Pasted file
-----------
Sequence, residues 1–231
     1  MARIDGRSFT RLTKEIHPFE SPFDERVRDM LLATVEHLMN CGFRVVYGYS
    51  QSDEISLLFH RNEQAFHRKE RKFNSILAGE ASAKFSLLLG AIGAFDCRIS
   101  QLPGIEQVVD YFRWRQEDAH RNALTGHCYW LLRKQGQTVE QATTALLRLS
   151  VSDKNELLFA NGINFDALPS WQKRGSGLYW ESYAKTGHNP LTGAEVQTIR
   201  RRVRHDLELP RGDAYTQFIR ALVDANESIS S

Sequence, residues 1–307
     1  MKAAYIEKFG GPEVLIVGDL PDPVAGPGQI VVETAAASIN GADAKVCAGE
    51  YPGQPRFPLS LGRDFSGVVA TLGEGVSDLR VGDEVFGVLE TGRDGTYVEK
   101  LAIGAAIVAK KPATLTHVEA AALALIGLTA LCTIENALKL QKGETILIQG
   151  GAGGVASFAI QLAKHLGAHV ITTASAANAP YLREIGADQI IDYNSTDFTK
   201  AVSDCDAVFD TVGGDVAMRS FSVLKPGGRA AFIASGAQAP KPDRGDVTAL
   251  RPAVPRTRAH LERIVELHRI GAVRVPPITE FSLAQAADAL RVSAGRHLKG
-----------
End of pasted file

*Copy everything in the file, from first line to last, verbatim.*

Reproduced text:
Sequence, residues 1–231
     1  MARIDGRSFT RLTKEIHPFE SPFDERVRDM LLATVEHLMN CGFRVVYGYS
    51  QSDEISLLFH RNEQAFHRKE RKFNSILAGE ASAKFSLLLG AIGAFDCRIS
   101  QLPGIEQVVD YFRWRQEDAH RNALTGHCYW LLRKQGQTVE QATTALLRLS
   151  VSDKNELLFA NGINFDALPS WQKRGSGLYW ESYAKTGHNP LTGAEVQTIR
   201  RRVRHDLELP RGDAYTQFIR ALVDANESIS S

Sequence, residues 1–307
     1  MKAAYIEKFG GPEVLIVGDL PDPVAGPGQI VVETAAASIN GADAKVCAGE
    51  YPGQPRFPLS LGRDFSGVVA TLGEGVSDLR VGDEVFGVLE TGRDGTYVEK
   101  LAIGAAIVAK KPATLTHVEA AALALIGLTA LCTIENALKL QKGETILIQG
   151  GAGGVASFAI QLAKHLGAHV ITTASAANAP YLREIGADQI IDYNSTDFTK
   201  AVSDCDAVFD TVGGDVAMRS FSVLKPGGRA AFIASGAQAP KPDRGDVTAL
   251  RPAVPRTRAH LERIVELHRI GAVRVPPITE FSLAQAADAL RVSAGRHLKG